Carillo extends contract
LOS ANGELES — Tennis Channel and Mary Carillo have agreed to a three-year broadcast extension that expands her role with the network and keeps her on air through 2016. In addition to her current French Open, Wimbledon and US Open assignments, the Emmy Award-winning sportscaster will cover March’s Sony Open Tennis tournament in Miami - one of the sport’s six largest events - and numerous other competitions throughout the year from Los Angeles as part of Tennis Channel’s in-studio team. The announcement was made today by Bob Whyley, senior vice president of production and executive producer, Tennis Channel.
“This is a fascinating time to cover tennis and I’ve had a lot of fun as part of the Tennis Channel team,” said Carillo. “With everything that’s going on in the sport right now I’m happy to be there with the network as it all unfolds.”
Carillo joined Tennis Channel in 2011, when she hosted the network’s live tournament desks at the French Open in Paris and US Open in New York. In 2012 she added Wimbledon to the list and appeared in numerous segments on the network’s Wimbledon Primetime set on the tournament grounds in London. She was part of Tennis Channel’s on-air team at all three events again in 2013. Carillo made select on-air appearances during Tennis Channel’s 2012 coverage of Miami’s Sony Open Tennis tournament, an event she will add to her annual duties starting in 2014.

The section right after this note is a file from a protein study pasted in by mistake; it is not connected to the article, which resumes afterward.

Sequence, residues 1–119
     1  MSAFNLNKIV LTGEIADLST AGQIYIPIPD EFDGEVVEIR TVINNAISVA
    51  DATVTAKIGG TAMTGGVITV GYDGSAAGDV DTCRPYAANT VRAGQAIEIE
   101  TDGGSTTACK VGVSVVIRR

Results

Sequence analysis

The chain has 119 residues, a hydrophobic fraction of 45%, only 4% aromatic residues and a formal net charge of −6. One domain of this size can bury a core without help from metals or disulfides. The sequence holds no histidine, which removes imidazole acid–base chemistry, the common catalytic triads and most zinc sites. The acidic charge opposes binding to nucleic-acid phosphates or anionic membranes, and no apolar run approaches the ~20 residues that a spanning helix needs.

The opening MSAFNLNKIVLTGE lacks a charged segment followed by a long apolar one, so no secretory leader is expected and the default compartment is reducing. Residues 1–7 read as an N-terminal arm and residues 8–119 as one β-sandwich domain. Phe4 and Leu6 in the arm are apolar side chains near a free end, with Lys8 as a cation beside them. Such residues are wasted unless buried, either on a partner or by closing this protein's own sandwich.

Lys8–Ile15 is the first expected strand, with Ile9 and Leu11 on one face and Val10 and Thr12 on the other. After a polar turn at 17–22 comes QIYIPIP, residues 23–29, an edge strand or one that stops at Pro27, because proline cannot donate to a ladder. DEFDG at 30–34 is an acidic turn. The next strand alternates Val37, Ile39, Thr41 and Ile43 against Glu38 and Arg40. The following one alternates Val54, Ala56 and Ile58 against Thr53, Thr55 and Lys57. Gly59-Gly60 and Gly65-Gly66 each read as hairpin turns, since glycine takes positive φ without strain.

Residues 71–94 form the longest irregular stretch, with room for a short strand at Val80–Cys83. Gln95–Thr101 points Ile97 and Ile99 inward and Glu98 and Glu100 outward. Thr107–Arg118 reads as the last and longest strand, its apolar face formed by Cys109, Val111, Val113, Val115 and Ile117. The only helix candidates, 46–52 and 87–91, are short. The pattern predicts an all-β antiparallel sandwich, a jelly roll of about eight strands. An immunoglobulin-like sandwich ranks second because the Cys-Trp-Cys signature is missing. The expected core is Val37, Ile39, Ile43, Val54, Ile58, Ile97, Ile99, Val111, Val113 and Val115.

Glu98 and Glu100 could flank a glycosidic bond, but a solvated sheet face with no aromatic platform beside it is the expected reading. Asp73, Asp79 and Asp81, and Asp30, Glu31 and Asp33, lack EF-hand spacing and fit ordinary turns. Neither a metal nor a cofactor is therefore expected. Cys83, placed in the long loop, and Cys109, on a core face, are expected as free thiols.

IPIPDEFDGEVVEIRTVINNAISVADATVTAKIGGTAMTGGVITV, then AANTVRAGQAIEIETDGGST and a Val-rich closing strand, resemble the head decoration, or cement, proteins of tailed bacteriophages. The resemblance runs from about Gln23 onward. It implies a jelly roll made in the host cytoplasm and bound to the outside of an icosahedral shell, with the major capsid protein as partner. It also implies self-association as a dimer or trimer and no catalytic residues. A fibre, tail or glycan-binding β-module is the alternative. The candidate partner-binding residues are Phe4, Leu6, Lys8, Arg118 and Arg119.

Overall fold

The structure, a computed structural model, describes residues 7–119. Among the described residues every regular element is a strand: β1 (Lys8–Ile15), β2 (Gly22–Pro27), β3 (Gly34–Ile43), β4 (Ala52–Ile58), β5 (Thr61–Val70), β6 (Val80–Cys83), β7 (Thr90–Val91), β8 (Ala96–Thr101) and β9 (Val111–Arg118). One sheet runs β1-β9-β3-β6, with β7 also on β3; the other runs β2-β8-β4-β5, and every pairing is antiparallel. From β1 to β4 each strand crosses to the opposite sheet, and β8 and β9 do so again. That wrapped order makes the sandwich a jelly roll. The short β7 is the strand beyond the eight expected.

As an on-air host during Tennis Channel’s coverage at major tournaments, Carillo conducts interviews, produces special reports and offers analysis and perspective. Her numerous segments include “Fleet Street Beat” during Wimbledon, in which she convenes a panel of longtime British tennis reporters for Tennis Channel’s American audiences. She has been praised by network viewers and sports reporters alike for the energy, enthusiasm and tone she brings to Tennis Channel’s major telecasts.
“It’s been a privilege to work with Mary at the most prestigious events in our sport, and we’re excited that Tennis Channel viewers will get to see even more of her in the years ahead,” said Whyley. “Her humor, tennis expertise and innate sense of story have been invaluable additions to our on-air coverage.”
A former tennis player who won the 1977 French Open mixed-doubles crown with childhood friend John McEnroe, Carillo remains one of the most respected voices in sports journalism today. After retiring from professional tennis in 1980, she began her on-air career as a tennis analyst for USA Network, and has since covered a variety of sports for CBS Sports, NBC Sports, HBO Sports, ESPN and Bravo. Carillo is renowned for a no-nonsense approach laced with wit and humor, and is widely recognized for her work at the Summer and Winter Olympic Games for NBC Sports, and as a correspondent on HBO’s Real Sports with Bryant Gumbel.
A Sports Emmy Award and George Foster Peabody Award winner, Carillo was the first female winner of the Dick Schaap Award for Outstanding Journalism (in 2010). Tennis magazine has repeatedly named her “Best TV Commentator,” while women’s professional tennis’ governing body, the WTA, has twice honored her as its “Broadcaster of the Year.”
Carillo spent much of the past three weeks at the Winter Olympics in Sochi, Russia, as part of the NBC Sports on-air team. Among her special reports was the documentary Nancy & Tonya, a 20-year-retrospective of the infamous Nancy Kerrigan-Tonya Harding storyline at the 1994 Winter Olympics.
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